Feed efficiency is increased by adding crude glycerine, a by-product of biodiesel production, to feed.
Crude glycerine, a by-product of biodiesel production, could be introduced as an economical ingredient in cattle feeds, according to US researchers. Jim MacDonald, a beef cattle nutritionist at Texas AgriLife Research, says that during biodiesel production from crops such as cottonseed oil, glycerol is separated from fatty acids. The latter are turned into the biodiesel while the glycerol has the potential to become an ingredient in livestock feed.
MacDonald adds that glycerine flows easier at low temperatures than molasses or similar products and is non-corrosive to equipment. It is also low in phosphorus, protein and sulphur, which can be concentrated in other dietary ingredients. Finally, it is normally cheaper than maize. “Crude glycerine is usually priced at a discount relative to maize, so we wanted to look at replacing maize to evaluate its energy value,” MacDonald says.
He teamed up with Mike Brown at West Texas A&M University to conduct four experiments over the past two years to determine the value of feeding crude glycerine in beef growing and finishing diets. The studies focused on optimal concentration and which dietary components were most optimally displaced by crude glycerine in growing diets.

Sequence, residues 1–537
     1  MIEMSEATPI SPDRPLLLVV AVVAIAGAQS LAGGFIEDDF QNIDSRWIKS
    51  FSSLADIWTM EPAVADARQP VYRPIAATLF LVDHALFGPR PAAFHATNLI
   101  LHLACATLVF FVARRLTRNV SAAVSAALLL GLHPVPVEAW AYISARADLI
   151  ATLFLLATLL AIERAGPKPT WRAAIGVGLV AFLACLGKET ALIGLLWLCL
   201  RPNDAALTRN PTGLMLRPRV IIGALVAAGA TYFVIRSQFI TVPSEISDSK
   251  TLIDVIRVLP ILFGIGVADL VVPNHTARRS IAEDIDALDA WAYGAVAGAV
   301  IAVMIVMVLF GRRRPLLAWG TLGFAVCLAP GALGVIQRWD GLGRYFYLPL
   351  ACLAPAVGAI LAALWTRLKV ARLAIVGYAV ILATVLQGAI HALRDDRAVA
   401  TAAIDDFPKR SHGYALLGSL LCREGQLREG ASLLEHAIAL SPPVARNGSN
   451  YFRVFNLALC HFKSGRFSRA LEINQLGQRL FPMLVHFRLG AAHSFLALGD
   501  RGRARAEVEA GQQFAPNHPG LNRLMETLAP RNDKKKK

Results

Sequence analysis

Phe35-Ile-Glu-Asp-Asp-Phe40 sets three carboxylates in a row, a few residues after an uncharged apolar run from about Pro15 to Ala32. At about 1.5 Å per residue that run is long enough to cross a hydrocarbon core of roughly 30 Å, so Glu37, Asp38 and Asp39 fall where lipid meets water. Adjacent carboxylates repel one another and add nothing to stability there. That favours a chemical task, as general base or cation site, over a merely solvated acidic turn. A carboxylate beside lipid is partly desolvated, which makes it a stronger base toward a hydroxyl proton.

The researchers looked at two strategies: replacing maize and replacing a percentage of forage. In the former, they saw an optimal inclusion of between 2,5% and 7,5% of glycerine. MacDonald says that at 10% inclusion, feed efficiency was reduced. Brown explains that when forage was replaced, they saw no change in average daily gain, but the cattle consumed less feed.
The feed efficiency was improved when either 5% or 10% glycerine was fed. “I feel very comfortable using crude glycerine up to 7,5% of a diet,” MacDonald says. The researchers tested for a possible negative impact on fibre digestibility, but found none when the crude glycerine was fed at the low levels. “We also saw an increase in microbial protein and a reduction in rumen ammonia,” MacDonald says.
In high-forage diets, excess nitrogen is often formed in the rumen, which is excreted as urea and volatilised into the atmosphere as ammonia. The crude glycerine may allow more of the nitrogen to be captured before it is excreted and thus reduce ammonia emissions of cattle grazing high quality forage. “We also observed no negative impacts on animal health up to 10% inclusion in diets of newly received calves,” MacDonald says.
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